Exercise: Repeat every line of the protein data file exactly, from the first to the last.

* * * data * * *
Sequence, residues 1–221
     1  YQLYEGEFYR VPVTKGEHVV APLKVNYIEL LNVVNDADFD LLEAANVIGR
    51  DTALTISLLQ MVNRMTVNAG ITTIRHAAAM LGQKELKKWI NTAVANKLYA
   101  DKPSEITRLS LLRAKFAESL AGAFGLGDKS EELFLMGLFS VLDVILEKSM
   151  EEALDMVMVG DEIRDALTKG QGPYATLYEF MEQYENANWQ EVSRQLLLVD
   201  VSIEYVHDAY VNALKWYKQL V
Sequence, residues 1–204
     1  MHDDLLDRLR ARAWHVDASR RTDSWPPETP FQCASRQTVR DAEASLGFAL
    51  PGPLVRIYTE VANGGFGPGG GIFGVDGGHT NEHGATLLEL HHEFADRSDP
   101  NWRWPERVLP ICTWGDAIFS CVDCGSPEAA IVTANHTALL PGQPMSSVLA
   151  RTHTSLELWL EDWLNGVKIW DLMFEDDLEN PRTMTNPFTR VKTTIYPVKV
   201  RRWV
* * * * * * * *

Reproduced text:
Sequence, residues 1–221
     1  YQLYEGEFYR VPVTKGEHVV APLKVNYIEL LNVVNDADFD LLEAANVIGR
    51  DTALTISLLQ MVNRMTVNAG ITTIRHAAAM LGQKELKKWI NTAVANKLYA
   101  DKPSEITRLS LLRAKFAESL AGAFGLGDKS EELFLMGLFS VLDVILEKSM
   151  EEALDMVMVG DEIRDALTKG QGPYATLYEF MEQYENANWQ EVSRQLLLVD
   201  VSIEYVHDAY VNALKWYKQL V
Sequence, residues 1–204
     1  MHDDLLDRLR ARAWHVDASR RTDSWPPETP FQCASRQTVR DAEASLGFAL
    51  PGPLVRIYTE VANGGFGPGG GIFGVDGGHT NEHGATLLEL HHEFADRSDP
   101  NWRWPERVLP ICTWGDAIFS CVDCGSPEAA IVTANHTALL PGQPMSSVLA
   151  RTHTSLELWL EDWLNGVKIW DLMFEDDLEN PRTMTNPFTR VKTTIYPVKV
   201  RRWV